Flavor was a dead ringer for a four rating: "correct, pleasant, enjoyable." I really could not have said it better myself. Of course this is about as subjective as it comes, and handicapped by my lack of experience, but I find Lucid to be all of the above. My palate isn't developed to the point where I can identify the individual nuances of the respective herbs, but with Lucid there aren't too many nuances for me to focus on. In this sense, although it is quite pleasant and enjoyable, it falls short of the European varieties. I can't call it one-dimensional, because it's quite a step up from that, but when push comes to shove I'm sure the die-hard absinthe enthusiast would give Lucid a 3, or even a 2 for flavor, but as a casual sipper, I give it a four with no reservations.

With the finish, "present, but unremarkable" sums it up quite nicely. As others have said, fennel bomb. Not out of line for an absinthe, per se, but not distilled genius either. If I were to drop pretensions and be true to my taste buds, I'd give it a 3.5, but as I don't have that option, I'll just keep my nose in the air.

Overall, I think one needs to consider this absinthe is being hocked, first and foremost, to the bar crowd. Second in line come the curious. A distant third are those who actually enjoy drinking absinthe. Fortunately for us here on the third tier, whomever was behind Lucid had Breaux come up with the recipe. It's quite obvious cost, and the apparently degraded American palate, came into effect during its development, but the end result isn't bad.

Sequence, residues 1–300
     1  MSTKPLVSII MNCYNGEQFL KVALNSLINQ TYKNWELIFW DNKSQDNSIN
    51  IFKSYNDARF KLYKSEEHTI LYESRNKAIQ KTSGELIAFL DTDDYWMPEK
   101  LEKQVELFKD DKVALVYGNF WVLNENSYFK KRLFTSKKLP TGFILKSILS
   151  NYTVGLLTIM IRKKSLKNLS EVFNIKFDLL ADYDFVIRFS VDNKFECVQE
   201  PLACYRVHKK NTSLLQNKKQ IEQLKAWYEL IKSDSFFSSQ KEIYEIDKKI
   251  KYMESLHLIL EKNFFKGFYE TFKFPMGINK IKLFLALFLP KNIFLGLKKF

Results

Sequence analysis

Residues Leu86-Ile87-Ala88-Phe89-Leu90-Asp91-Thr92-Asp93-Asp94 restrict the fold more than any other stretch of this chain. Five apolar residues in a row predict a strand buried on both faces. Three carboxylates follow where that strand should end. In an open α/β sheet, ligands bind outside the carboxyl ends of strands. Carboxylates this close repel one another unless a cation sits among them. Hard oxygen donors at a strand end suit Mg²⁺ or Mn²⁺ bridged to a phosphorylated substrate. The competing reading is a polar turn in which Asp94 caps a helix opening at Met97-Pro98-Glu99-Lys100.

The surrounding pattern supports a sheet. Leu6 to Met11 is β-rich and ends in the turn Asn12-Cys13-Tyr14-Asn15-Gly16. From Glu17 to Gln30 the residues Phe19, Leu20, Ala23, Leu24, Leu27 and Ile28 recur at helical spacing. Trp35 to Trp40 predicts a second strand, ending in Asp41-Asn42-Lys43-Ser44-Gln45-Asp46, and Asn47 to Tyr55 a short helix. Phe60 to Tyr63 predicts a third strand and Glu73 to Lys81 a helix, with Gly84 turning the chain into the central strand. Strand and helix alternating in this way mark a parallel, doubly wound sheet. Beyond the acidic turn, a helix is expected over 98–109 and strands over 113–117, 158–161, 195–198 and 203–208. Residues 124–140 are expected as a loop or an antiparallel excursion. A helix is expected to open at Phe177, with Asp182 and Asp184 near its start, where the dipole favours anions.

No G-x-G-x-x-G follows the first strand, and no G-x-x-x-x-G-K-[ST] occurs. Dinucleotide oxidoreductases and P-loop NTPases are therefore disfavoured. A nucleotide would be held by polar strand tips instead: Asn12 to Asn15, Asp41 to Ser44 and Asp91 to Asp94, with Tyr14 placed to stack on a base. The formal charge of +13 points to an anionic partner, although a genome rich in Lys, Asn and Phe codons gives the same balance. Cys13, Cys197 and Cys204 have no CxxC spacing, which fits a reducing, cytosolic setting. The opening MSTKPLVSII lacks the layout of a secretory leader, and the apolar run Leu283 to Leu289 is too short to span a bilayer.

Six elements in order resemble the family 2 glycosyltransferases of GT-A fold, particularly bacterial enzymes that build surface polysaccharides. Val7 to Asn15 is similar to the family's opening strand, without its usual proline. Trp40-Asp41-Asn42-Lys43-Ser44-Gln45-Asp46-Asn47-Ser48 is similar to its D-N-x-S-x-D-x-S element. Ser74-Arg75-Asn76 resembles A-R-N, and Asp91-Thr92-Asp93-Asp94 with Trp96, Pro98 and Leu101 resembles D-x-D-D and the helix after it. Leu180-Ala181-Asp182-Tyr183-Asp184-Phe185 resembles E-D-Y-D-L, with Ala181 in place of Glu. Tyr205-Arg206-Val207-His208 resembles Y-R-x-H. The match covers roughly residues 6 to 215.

In fact, when I first got wind of Lucid I dismissed it immediately as a gimmick, but when I heard Breaux was behind it, I had to try it. Now that I have, I can't say I have any regrets. Would I buy it again? I haven't come close to finishing the bottle, so I couldn't really answer that, but who knows? (ie: most probably) It's not bad, like I said, but I'd be so much more willing to spring for this if it was $50 as opposed to $70. I suppose when you stack this against its European counterparts it is of dubious value, depending on several factors. If you like absinthe and haven't spoiled yourself with the top of the range I'd say grab a bottle, you probably won't regret it. Lucid is also ideal for the uninitiated. If you hate Lucid, chances are you won't like any other 'sinthe.

We'll see if it grows on me, but in summation Lucid gets a solid threeish, with no points given for value or any of that. Hovering around three, on a scale where PF 1901 or Belle Amis is approaching five, is not bad at all. Indeed, for the first US absinthe to even be compared to those greats is quite a testament to its validity.